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For two years, I have been trying to grow climbing plants to cover the walls of my garden. I’ve planted honeysuckle, passion flower, jasmine, numerous clematis and a revolting rose I found in the street. Some died, others developed mildew, while the rest have clambered over the walls, in search of sun. (The rose, sadly, has done very well.) I need to face facts: my garden is just too shady for most climbers.
Whenever I walk around my garden and lament the mildew-infested clematis, limp passion flower and patches of bare wall, I think about the ivy growing on the canal down the road. It’s just coming into flower now, and is buzzing with the last of this year’s hoverflies, bees and butterflies. Ivy would be a great choice for my garden – it’s fast growing and shade tolerant, and provides food, nesting and hibernation opportunities for all sorts of creatures. To me, ivy is a perfect plant, but when I mention wanting to grow it to my partner, parents and friends, I’m met with stern disapproval.
Ivy is blamed for crumbling walls, broken fences and unpaid insurance claims. My dad grows it up a column that supports the roof of his porch, but he won’t let it touch his house. Friends removed it from their garden because it had ‘punched holes through their fence’, while the local council kills established plants at their base, leaving dead stems and leaves on buildings.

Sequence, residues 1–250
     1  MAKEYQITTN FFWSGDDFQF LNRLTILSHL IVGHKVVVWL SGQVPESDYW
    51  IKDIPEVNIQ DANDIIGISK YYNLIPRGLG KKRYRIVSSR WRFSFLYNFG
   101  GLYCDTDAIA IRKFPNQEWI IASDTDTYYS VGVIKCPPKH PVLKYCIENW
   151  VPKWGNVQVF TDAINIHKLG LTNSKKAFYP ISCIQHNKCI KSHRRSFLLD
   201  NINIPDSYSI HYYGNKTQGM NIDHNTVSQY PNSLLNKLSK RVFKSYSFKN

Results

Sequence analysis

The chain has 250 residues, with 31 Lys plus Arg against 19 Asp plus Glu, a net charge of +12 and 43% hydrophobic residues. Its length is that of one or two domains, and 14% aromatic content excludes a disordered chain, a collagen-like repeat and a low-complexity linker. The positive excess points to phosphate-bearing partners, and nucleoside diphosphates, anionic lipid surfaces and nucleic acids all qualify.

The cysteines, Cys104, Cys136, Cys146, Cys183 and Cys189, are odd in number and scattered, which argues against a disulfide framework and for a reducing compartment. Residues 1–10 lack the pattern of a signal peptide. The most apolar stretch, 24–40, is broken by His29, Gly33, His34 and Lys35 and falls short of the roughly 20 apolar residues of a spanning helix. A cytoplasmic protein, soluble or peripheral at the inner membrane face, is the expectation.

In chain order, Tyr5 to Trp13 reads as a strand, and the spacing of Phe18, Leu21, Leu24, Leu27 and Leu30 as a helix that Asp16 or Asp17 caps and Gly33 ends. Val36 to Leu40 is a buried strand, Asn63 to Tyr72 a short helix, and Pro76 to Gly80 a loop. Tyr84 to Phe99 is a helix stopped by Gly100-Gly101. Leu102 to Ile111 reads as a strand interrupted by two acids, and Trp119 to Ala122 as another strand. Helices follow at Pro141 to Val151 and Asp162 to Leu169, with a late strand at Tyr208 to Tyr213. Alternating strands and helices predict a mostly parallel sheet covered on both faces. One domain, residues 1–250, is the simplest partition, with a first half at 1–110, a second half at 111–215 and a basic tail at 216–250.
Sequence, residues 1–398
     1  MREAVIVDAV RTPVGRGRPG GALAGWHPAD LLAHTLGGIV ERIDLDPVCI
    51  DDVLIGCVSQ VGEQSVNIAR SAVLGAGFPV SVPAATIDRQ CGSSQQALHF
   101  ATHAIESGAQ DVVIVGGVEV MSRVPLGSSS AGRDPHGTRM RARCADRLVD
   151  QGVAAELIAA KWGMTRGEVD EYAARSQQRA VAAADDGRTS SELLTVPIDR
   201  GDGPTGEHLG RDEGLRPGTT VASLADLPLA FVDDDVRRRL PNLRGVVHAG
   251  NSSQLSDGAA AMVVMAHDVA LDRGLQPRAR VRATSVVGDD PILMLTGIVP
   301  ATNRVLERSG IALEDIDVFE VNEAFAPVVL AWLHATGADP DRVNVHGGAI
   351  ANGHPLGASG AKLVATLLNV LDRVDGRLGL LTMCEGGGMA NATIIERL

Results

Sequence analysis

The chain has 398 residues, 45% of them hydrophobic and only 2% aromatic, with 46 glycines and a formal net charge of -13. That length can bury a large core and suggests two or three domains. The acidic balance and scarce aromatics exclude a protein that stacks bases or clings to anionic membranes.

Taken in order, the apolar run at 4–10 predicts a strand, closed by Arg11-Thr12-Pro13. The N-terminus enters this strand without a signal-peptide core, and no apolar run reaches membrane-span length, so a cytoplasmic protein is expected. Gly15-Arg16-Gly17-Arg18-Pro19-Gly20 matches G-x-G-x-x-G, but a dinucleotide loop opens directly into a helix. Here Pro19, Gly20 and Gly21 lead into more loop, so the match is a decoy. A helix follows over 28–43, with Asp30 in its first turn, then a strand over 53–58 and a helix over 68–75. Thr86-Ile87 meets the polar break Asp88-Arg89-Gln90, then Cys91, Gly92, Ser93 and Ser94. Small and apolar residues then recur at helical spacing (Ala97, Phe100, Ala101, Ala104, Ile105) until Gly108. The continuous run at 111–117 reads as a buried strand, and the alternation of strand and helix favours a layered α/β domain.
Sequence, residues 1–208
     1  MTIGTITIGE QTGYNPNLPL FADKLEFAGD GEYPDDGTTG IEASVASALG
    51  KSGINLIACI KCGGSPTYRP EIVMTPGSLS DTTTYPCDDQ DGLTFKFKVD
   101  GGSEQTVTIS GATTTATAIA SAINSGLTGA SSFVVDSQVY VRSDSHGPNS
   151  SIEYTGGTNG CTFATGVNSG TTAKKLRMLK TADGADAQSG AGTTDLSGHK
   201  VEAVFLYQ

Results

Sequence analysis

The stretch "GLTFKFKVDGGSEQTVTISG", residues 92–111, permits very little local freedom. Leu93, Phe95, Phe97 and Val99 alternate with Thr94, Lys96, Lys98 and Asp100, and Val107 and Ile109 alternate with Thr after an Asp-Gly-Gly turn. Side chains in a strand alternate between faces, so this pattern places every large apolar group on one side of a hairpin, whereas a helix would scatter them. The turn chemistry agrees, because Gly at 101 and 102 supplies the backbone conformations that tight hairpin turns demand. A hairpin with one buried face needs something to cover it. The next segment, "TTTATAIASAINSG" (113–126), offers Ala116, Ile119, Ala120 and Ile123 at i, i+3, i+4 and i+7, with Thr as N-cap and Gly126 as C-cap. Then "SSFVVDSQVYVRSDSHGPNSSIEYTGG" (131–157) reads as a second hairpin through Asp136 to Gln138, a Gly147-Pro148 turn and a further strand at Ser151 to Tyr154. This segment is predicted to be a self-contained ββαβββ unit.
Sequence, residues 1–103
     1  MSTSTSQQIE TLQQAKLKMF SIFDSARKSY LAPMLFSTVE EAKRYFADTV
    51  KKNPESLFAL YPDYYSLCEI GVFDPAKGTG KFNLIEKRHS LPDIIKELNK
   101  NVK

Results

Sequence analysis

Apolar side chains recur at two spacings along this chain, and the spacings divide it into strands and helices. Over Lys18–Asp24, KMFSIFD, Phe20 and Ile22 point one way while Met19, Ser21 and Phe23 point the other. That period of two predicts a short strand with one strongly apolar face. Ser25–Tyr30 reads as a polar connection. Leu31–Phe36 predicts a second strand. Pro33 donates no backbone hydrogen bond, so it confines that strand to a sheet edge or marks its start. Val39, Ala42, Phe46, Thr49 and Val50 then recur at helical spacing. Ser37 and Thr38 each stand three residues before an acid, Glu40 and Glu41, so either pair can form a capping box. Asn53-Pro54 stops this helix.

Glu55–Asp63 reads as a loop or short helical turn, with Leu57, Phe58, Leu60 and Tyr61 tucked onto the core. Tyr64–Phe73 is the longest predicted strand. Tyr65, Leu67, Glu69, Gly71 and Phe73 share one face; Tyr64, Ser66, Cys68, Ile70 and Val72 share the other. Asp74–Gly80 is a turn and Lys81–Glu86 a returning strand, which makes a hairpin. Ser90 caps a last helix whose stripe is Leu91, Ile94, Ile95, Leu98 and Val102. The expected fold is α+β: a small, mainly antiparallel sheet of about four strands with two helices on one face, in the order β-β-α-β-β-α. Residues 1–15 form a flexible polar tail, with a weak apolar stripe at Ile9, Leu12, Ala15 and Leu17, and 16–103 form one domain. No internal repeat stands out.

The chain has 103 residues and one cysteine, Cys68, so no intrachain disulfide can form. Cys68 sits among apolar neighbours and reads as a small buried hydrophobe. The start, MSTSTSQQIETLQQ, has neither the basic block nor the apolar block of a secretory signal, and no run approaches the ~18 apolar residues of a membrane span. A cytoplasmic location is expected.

But a study, commissioned by English Heritage, has proved that ivy can actually protect walls. Professor Heather Viles, who conducted the research, told me that ivy acts “as a thermal blanket, probably regulating moisture conditions and also absorbing pollutants”. She went on to explain that it will exploit pre-existing holes or cracks in walls, so if the wall is in bad condition beforehand, ivy will make it worse. My garden walls are ugly, but in tip top condition. They are therefore perfect for growing ivy on.
And it’s just as well, for, as I walked round my garden this morning, lamenting the mildew-infested clematis, limp passion flower and patches of bare wall, I noticed two seedlings growing at the back of the north-facing border: ivy. The decision to introduce it to my garden has been taken out of my hands – this shade-loving, fast growing, wildlife-friendly climber has found it all by itself.
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